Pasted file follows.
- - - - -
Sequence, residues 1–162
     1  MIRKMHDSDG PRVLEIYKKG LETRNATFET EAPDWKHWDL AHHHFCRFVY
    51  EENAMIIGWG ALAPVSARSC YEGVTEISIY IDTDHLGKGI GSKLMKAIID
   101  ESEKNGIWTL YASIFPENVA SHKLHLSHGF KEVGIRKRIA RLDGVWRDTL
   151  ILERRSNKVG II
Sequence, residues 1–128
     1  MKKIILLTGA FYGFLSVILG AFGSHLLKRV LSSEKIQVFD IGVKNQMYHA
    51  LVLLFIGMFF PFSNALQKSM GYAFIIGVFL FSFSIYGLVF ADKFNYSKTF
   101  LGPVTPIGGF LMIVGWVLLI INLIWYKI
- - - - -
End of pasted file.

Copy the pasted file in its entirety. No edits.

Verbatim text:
Sequence, residues 1–162
     1  MIRKMHDSDG PRVLEIYKKG LETRNATFET EAPDWKHWDL AHHHFCRFVY
    51  EENAMIIGWG ALAPVSARSC YEGVTEISIY IDTDHLGKGI GSKLMKAIID
   101  ESEKNGIWTL YASIFPENVA SHKLHLSHGF KEVGIRKRIA RLDGVWRDTL
   151  ILERRSNKVG II
Sequence, residues 1–128
     1  MKKIILLTGA FYGFLSVILG AFGSHLLKRV LSSEKIQVFD IGVKNQMYHA
    51  LVLLFIGMFF PFSNALQKSM GYAFIIGVFL FSFSIYGLVF ADKFNYSKTF
   101  LGPVTPIGGF LMIVGWVLLI INLIWYKI